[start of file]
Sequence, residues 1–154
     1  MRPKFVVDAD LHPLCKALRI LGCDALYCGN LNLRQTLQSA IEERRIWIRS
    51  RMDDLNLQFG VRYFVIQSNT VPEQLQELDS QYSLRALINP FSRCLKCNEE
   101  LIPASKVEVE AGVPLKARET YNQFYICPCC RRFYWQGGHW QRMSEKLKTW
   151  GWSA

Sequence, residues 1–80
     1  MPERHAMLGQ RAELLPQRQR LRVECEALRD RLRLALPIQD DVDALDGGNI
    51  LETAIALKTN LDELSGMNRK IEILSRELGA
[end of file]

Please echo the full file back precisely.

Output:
Sequence, residues 1–154
     1  MRPKFVVDAD LHPLCKALRI LGCDALYCGN LNLRQTLQSA IEERRIWIRS
    51  RMDDLNLQFG VRYFVIQSNT VPEQLQELDS QYSLRALINP FSRCLKCNEE
   101  LIPASKVEVE AGVPLKARET YNQFYICPCC RRFYWQGGHW QRMSEKLKTW
   151  GWSA

Sequence, residues 1–80
     1  MPERHAMLGQ RAELLPQRQR LRVECEALRD RLRLALPIQD DVDALDGGNI
    51  LETAIALKTN LDELSGMNRK IEILSRELGA